Film Review: Here Out West shows a rich tapestry of multicultural Australia that we rarely get to see on-screen

Here Out West

Set in present-day Western Sydney, Here Out West starts off following the story of a grandmother, who is visiting her daughter who had just given birth. The grandmother is stuck with babysitting an 8-year old neighbour and they both make a trip to the hospital. However, the relationship between the grandmother and the daughter is estranged and to make matters worse, authorities deem the daughter to be unfit to take care of the baby.

In an act of impulse and desperation, the grandmother kidnaps the baby and both her and the neighbour escape. Her audacious action sets off a disparate yet linked set of events and the film follows the stories of numerous characters who become affected.

Eight stories were written by eight screenwriting teams. As is the norm with anthologies, they are inconsistent; with highs and lows that define the quality of the final product. And the film Here Out West is no different. Fortunately, the film works as an anthology as well as a talent showcase. There are no true duds in the bunch and all the contributions make a positive impact in bringing powerfully succinct and diverse tales through heart and humour.

Whilst some stories aim for a dramatic bent that focuses on the trials and tribulations of people of colour in Australia via racism, assimilation (The Musician), family reconciliation (The Eternal Dance), peer pressure (Brother Tom) and independence (Closing Night); some stories aim for humour that borders on almost farcical at times. Brotherhood and Closing Night being the most comedic segments of the film all stand out due to the humour that is born from characters that are easy to relate to whilst conveying a much-needed insight into the characterizations.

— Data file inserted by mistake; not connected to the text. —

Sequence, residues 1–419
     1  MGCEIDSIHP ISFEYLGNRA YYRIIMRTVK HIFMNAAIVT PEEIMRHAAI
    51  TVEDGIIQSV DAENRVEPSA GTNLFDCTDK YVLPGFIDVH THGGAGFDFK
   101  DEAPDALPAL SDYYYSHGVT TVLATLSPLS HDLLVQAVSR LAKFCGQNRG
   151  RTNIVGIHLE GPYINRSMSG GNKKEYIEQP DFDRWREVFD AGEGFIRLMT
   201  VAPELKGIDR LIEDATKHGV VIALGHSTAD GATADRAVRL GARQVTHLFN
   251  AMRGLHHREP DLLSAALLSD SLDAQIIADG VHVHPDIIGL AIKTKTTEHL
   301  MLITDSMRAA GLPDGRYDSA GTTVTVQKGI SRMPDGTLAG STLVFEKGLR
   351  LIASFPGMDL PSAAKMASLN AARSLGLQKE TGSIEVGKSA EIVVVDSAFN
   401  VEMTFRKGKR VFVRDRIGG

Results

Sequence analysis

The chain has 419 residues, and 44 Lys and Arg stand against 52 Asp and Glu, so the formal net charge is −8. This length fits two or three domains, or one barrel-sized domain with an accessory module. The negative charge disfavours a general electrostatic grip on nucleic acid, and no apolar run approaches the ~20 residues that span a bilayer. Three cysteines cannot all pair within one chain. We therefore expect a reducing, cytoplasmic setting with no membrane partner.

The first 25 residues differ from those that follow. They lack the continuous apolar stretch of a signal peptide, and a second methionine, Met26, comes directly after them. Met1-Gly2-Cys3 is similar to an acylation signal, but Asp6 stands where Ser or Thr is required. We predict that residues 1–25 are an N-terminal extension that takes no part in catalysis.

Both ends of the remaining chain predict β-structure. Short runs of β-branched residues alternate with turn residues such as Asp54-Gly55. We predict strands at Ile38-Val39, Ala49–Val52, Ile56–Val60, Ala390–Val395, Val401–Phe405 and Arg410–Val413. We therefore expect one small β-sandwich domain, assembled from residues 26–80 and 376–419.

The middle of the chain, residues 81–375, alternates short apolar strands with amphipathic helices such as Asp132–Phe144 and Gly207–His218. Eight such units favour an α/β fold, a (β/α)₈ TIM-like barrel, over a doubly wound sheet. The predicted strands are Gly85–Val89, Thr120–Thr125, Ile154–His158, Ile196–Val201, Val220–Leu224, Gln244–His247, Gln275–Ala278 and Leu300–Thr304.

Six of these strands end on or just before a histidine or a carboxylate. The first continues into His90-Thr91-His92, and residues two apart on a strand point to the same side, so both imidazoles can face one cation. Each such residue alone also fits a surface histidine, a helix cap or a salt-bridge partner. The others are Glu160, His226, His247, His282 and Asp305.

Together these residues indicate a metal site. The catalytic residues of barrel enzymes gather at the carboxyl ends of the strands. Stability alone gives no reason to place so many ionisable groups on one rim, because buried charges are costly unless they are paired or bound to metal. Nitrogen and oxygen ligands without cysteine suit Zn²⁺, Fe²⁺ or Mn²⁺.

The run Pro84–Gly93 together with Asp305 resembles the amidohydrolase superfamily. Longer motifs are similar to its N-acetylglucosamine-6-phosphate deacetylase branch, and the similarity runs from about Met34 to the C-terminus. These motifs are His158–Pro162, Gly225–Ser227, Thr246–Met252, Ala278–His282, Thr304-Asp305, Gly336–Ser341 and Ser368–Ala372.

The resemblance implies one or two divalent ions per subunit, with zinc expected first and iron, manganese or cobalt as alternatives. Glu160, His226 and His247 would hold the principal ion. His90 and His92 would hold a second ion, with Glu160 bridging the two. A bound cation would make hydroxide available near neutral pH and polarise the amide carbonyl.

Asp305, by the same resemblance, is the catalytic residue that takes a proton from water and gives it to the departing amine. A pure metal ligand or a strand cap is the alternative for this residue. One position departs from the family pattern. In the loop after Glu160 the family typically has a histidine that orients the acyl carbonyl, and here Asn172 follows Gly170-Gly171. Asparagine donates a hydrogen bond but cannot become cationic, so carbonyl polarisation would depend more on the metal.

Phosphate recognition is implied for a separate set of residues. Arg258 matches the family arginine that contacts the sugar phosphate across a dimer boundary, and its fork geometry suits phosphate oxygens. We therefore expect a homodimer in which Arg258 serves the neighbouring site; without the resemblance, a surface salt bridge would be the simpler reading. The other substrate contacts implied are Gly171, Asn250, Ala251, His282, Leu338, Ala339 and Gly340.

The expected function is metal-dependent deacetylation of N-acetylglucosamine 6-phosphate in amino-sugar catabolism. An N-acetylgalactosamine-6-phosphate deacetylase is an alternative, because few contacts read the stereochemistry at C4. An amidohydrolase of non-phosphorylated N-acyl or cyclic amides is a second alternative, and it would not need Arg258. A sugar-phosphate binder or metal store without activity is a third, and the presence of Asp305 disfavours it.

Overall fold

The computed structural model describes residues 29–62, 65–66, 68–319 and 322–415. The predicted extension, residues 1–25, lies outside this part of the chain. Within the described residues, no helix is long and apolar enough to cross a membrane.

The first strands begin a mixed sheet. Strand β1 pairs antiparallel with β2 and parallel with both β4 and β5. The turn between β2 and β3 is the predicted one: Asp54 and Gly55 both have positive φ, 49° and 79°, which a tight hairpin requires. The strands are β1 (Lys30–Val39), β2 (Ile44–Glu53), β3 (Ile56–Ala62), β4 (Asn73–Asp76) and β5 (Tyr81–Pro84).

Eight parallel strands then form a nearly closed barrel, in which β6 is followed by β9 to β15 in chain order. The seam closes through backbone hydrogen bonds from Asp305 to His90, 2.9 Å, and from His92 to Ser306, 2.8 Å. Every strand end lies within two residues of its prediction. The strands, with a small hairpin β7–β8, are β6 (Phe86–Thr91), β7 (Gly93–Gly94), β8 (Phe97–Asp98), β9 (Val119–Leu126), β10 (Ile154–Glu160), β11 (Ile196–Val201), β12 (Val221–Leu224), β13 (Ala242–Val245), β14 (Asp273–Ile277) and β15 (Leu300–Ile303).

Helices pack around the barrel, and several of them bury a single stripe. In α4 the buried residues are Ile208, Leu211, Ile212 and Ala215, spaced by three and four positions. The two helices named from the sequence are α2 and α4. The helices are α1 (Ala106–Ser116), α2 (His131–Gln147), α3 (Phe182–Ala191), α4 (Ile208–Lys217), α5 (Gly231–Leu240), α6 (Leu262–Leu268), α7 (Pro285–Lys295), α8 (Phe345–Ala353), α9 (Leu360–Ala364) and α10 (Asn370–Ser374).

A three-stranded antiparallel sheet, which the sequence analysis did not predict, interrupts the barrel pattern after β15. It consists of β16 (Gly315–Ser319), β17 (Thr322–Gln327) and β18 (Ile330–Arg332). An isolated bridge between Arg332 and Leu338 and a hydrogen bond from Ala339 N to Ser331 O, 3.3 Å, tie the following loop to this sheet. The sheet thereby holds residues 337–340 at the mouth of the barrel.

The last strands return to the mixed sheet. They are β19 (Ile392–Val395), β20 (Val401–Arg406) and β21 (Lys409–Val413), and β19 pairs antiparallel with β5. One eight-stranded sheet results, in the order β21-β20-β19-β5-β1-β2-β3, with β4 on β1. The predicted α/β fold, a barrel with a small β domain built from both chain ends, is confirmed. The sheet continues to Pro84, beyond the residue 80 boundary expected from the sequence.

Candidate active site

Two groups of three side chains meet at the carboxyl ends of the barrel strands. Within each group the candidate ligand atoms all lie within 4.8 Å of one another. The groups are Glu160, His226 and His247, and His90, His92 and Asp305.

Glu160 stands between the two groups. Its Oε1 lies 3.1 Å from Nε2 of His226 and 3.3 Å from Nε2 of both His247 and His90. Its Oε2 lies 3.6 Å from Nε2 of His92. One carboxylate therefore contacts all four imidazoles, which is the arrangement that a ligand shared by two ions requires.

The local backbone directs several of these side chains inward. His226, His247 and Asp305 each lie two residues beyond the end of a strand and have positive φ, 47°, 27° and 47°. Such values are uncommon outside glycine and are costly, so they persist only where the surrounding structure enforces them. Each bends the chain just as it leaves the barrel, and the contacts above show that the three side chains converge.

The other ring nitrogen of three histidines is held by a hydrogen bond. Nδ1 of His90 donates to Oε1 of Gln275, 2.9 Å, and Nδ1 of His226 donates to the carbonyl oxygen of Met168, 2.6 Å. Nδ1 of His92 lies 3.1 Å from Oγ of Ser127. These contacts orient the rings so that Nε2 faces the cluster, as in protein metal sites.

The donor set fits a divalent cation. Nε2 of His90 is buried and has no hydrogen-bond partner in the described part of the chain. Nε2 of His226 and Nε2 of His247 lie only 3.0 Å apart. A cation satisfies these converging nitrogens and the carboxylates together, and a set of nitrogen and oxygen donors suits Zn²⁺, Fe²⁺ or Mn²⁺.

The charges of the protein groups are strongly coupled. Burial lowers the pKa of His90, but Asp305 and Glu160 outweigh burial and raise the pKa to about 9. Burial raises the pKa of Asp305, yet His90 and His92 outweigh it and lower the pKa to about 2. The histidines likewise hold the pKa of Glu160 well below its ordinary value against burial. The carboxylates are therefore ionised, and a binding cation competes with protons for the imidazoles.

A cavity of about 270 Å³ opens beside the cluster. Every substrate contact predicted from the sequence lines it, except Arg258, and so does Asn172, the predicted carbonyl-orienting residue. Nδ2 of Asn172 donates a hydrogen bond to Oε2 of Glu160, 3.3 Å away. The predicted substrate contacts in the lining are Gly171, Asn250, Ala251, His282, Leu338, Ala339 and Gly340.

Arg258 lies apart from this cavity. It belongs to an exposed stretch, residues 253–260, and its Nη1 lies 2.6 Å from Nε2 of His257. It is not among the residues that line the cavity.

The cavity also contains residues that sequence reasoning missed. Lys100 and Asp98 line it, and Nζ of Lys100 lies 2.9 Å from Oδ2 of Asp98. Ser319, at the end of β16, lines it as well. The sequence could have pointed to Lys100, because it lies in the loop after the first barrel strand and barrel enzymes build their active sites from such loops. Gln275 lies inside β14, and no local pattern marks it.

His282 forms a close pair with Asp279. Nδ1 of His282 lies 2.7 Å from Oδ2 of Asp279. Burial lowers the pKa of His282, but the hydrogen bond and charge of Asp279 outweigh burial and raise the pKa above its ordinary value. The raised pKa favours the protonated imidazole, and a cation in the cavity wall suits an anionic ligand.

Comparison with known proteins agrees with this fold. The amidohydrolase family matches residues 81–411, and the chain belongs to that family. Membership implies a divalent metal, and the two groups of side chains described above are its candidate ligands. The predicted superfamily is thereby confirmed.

The more dramatically devastating stories like The Musician, Everything Changes and especially The Long Shift also satisfy due to how understated they are. The mood and pacing fit the convincingly taciturn performances as the characters brood over their predicaments like trying to assimilate their lives in Australia whilst trying to retain their hopes and dreams. It also helps that the entirety of the film has an assured sense of pacing that makes the anthology have an even and cohesive keel; making the segueing from story to story feel smooth instead of jarring like most anthologies. The technical qualities also bring enough of a cinematic sheen that lends power to the visual storytelling. For example, the colour scheme in the restaurant shown in Closing Night feels both inescapably warm and tawdry; complete with yellow, murky colours.

What also shines through in the stories is the sliver of empathy it has for families. All the screenwriters’ contributions have a personal ode they want to convey and they shine through eg. How characters speak to their parents, characters appreciate the sacrifices the parents made or how ‘home is where family is’. In addition, it is admirable and respectable that the film aims for changing what it means to be an Australian; especially in the eyes of migrant people of colour and the smack of authenticity shines through, an example being the mash-up of languages that our migrant leads speak.

Overall, Here Out West is an impressive piece of work that highlights the multiculturalism of new Australian talent. It provides a dramatically compelling and illuminating collection of stories about the lives of diverse people in Australia through the eyes of compassion and human empathy.

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Here Out West is showing in cinemas now, courtesy of Co-Curious and Emerald Productions.

Harris Dang

Rotten Tomatoes-approved Film Critic. Also known as that handsome Asian guy you see in the cinema with a mask on.